“(113) Member States must exercise their competence in respect of taxation in accordance with EU law […] Accordingly, they must refrain from adopting any measure, in that context, liable to constitute State aid incompatible with the internal market”.

Then the Court reiterated the standard method for determining the existence of State aid in tax measures.

“(114) A measure by which the public authorities grant certain undertakings favorable tax treatment which, although not involving a transfer of State resources, places the recipients in a more favorable financial situation than that of other taxpayers constitutes State aid for the purposes of Article 107(1) TFEU”. “(115) In the case of tax measures, the very existence of an advantage may be established only when compared with ‘normal’ taxation […] Accordingly, such a measure confers an economic advantage on its recipient if it mitigates the burdens normally included in the budget of an undertaking and, as a result, without being a subsidy in the strict meaning of the word, is similar in character and has the same effect”. “(116) Consequently, in order to determine whether there is a tax advantage, the position of the recipient as a result of the application of the measure at issue must be compared with his or her position in the absence of the measure at issue”.

Then the Court explained how the above principles applied to related companies [group companies].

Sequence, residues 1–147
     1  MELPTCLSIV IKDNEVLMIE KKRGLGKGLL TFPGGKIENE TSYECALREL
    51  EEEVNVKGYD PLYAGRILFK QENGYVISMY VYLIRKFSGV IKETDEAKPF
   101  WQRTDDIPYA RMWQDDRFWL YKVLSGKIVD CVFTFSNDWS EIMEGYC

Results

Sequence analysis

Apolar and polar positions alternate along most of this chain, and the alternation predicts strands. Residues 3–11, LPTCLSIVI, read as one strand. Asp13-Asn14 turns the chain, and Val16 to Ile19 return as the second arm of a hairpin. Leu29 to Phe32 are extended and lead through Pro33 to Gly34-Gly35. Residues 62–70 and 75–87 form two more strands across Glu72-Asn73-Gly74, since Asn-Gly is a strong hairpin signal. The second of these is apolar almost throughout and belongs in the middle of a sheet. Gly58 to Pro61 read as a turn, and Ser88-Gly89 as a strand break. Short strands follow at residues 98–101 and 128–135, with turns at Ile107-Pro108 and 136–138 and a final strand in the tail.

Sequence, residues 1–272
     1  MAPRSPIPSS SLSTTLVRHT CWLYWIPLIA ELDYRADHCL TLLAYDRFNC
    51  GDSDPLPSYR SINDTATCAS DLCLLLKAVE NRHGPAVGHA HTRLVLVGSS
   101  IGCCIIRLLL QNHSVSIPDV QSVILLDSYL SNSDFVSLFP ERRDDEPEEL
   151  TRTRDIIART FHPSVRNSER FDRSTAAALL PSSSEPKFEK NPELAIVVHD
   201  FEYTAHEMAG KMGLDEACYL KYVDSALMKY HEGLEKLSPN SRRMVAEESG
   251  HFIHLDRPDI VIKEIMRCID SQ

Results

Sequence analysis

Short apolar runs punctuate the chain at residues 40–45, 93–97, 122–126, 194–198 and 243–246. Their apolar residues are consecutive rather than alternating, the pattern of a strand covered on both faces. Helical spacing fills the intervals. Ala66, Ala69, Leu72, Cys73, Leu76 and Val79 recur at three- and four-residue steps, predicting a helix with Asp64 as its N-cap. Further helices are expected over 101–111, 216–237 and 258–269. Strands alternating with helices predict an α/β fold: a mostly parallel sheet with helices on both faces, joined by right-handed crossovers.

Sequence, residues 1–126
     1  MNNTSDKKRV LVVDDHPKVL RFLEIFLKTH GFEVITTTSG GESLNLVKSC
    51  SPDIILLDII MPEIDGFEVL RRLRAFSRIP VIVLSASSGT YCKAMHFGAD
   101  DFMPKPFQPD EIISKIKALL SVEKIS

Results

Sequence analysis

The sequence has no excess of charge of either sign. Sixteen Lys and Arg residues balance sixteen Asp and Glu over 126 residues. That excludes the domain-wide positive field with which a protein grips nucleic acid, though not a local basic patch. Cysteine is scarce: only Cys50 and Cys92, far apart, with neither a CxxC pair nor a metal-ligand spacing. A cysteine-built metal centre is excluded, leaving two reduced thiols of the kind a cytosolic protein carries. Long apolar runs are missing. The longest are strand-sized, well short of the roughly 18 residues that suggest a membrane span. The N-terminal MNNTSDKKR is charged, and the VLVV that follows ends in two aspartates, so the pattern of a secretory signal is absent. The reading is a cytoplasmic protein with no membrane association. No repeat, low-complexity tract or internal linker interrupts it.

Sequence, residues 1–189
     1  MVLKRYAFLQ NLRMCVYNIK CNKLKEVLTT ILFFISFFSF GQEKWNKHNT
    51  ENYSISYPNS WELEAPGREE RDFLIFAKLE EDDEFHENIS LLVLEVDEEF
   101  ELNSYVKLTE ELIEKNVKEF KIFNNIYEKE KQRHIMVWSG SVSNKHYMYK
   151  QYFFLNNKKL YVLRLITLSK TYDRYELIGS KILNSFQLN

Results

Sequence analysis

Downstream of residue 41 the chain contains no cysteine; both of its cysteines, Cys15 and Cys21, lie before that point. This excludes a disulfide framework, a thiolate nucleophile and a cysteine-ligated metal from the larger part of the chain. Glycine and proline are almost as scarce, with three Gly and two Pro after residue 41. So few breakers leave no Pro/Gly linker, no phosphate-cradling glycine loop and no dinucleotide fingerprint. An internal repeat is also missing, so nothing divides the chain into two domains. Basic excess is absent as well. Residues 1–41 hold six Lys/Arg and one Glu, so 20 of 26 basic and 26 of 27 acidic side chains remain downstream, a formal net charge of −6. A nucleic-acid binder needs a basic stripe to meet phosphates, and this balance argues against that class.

“(117) In determining the fiscal position of an integrated company which is part of a group of undertakings, it must be noted at the outset that the pricing of intra-group transactions carried out by that company is not determined under market conditions. That pricing is agreed to by companies belonging to the same group, and is therefore not subject to market forces”. “(118) Where national tax law does not make a distinction between integrated undertakings and stand-alone undertakings for the purposes of their liability to corporate income tax, that law is intended to tax the profit arising from the economic activity of such an integrated undertaking as though it had arisen from transactions carried out at market prices. In those circumstances, it must be held that, when examining, pursuant to the power conferred on it by Article 107(1) TFEU, a fiscal measure granted to such an integrated company, the Commission may compare the fiscal burden of such an integrated undertaking resulting from the application of that fiscal measure with the fiscal burden resulting from the application of the normal rules of taxation under national law of an undertaking, placed in a comparable factual situation, carrying on its activities under market conditions”.